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United States Department of Agriculture

Agricultural Research Service

Title: Resistance to Southwestern Corn Borer in Corn after Anthesis

Authors
item Williams, William
item Davis, Frank
item Buckley, Paul

Submitted to: Crop Science
Publication Type: Peer Reviewed Journal
Publication Acceptance Date: November 13, 1998
Publication Date: N/A

Interpretive Summary: The southwestern corn borer is a serious pest of corn in the U.S. and Mexico. When corn is attacked while in the vegetative stages, before silks and tassels emerge, larvae feed on the leaves and then tunnel into the stalk. Corn with resistance to this type of damage has been identified. When corn is attacked after silks emerge, the southwestern corn borer larvae feed on the developing ears and then tunnel into the stalk. Lodging of the stalks is common. Corn with resistance to this type of damage has not been identified. The lack of a reliable method of evaluating corn for resistance to such damage has been a major hindrance. In this investigation a group of experimental corn hybrids including some that could be potentially useful as sources of resistance were infested with larvae. Damage to leaf sheaths and husks was visually rated, and larvae were recovered and counted and weighed after 14 days. Unfortunately, the visual ratings were not useful in determining which hybrids were resistant. Differences in the numbers and weights of larvae, however, indicated that some of these hybrids possess resistance to southwestern corn borer when plants are infested after anthesis. These experimental hybrids will be useful as sources of resistance in developing commercially available corn hybrids for farmers. This will reduce yield losses.

Technical Abstract: Southwestern corn borer, Diatraea grandiosella Dyer, is an important pest of corn, Zea mays L., in the southern U.S. and Mexico. Germplasm with resistance to attack by southwestern corn borer in the vegetative stages has been released; however, resistance to attack after anthesis has not yet been identified. The objectives of this investigation were to evaluate a diallel cross among a group of inbred lines, some of which appeared to exhibit resistance in laboratory and preliminary field tests, and to evaluate the effectiveness of visual ratings of leaf sheath and husk damage in identifying resistant hybrids. The nine-parent diallel cross was grown for two years and plants were infested with southwestern corn borer larvae 7 d after anthesis. Leaf sheaths and husks were visually rated and larvae recovered, counted, and weighed 14 d after infestation. Husks were also collected from an additional planting of the diallel cross within 3 d after silk emergence, lyophilized, and used in preparation of laboratory diets. Larvae were fed on the diets for 21 d and then weighed. Leaf sheath and husk rating were not significant among hybrids; however, differences in number of larvae, mean larval weight, and total weight of larvae on a plant in the field test and mean larval weight in the laboratory among hybrids were significant. General combining ability effects indicated that the parental inbreds, Mp305 and SC213, contributed to resistance of their hybrids. Visual ratings of leaf sheath and husk damage do not appear to be sufficiently sensitive to detect relatively small differences in resistance among hybrids, but traits associated with larval survival and growth in both field and laboratory evaluations indicated resistance in some hybrids.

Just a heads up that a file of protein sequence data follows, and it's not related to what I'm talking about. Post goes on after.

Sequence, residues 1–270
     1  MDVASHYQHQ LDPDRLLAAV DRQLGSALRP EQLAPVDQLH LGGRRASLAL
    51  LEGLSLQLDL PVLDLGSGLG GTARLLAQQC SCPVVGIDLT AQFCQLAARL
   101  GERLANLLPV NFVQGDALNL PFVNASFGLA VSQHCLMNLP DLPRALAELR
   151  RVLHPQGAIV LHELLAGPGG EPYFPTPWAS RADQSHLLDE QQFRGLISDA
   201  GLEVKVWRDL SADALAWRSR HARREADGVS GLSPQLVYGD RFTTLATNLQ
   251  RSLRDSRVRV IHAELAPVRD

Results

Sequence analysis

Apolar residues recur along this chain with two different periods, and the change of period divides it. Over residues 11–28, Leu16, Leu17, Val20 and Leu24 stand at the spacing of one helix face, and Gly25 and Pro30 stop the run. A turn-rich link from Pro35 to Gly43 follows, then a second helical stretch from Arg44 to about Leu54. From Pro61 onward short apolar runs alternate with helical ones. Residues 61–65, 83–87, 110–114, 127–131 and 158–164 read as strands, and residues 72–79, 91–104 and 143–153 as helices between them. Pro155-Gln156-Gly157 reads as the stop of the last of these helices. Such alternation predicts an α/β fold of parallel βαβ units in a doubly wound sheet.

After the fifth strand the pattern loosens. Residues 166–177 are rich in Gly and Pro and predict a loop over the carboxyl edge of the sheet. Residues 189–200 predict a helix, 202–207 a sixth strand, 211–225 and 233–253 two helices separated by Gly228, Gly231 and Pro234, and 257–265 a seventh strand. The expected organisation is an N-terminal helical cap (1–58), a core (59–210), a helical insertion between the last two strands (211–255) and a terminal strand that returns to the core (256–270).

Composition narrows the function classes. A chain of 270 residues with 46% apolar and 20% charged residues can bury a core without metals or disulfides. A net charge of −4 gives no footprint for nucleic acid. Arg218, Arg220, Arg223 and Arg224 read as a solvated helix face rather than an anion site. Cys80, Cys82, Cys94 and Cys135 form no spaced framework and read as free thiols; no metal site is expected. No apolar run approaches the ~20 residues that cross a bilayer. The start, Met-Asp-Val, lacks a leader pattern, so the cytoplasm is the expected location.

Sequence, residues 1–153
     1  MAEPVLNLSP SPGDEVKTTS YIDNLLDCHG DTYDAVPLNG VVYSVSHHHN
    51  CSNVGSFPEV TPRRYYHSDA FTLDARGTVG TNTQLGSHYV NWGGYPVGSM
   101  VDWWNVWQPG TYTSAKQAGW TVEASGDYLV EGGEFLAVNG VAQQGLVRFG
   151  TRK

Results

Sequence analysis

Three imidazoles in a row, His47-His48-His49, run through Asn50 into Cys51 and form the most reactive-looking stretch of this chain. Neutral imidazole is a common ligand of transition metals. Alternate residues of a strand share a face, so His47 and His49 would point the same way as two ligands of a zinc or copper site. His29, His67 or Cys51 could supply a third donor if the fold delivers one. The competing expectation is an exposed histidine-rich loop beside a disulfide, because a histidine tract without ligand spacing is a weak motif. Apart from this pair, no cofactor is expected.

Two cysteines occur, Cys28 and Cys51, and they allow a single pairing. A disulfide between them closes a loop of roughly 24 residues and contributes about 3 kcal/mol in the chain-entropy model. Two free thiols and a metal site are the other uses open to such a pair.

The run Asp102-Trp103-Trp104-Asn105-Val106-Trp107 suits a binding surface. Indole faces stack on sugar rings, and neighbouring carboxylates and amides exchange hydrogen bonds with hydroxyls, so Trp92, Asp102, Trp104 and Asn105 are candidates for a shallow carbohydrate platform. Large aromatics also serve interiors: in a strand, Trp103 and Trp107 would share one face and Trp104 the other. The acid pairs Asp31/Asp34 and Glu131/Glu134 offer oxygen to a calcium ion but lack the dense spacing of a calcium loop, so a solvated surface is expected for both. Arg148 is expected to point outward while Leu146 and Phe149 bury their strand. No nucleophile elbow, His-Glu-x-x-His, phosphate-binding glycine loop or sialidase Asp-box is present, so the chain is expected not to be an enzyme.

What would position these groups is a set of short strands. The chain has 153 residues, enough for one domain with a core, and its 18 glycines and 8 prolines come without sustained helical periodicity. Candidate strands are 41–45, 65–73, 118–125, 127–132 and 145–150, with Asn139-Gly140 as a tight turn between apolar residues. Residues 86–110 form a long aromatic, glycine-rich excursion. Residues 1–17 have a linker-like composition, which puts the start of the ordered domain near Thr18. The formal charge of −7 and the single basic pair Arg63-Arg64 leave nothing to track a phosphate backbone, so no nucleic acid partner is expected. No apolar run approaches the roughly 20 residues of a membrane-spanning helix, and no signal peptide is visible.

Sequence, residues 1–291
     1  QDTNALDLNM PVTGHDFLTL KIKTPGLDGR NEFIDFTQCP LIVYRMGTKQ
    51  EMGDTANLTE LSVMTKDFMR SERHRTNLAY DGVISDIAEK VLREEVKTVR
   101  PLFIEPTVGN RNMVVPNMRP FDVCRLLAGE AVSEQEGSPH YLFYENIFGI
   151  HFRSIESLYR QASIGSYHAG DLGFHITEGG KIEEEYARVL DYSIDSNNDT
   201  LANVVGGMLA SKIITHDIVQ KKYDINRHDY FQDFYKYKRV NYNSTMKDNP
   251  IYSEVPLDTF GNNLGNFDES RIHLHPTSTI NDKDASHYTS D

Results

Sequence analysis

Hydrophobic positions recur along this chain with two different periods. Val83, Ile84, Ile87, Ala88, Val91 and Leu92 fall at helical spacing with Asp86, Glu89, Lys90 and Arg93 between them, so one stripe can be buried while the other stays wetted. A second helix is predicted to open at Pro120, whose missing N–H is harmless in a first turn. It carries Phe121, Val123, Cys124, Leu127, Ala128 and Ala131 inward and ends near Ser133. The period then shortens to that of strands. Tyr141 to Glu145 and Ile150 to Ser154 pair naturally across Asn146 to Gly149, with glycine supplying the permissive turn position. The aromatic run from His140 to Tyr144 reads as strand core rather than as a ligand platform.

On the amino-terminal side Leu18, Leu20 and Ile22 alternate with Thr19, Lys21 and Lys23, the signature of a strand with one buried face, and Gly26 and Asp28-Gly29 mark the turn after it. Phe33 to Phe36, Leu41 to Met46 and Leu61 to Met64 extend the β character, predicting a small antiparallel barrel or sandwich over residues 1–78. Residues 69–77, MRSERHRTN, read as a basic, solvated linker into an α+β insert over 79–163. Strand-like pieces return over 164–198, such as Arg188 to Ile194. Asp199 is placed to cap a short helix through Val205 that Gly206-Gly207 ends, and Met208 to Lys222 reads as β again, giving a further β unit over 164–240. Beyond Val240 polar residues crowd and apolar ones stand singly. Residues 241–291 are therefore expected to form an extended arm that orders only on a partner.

Last Modified: 12/17/2014
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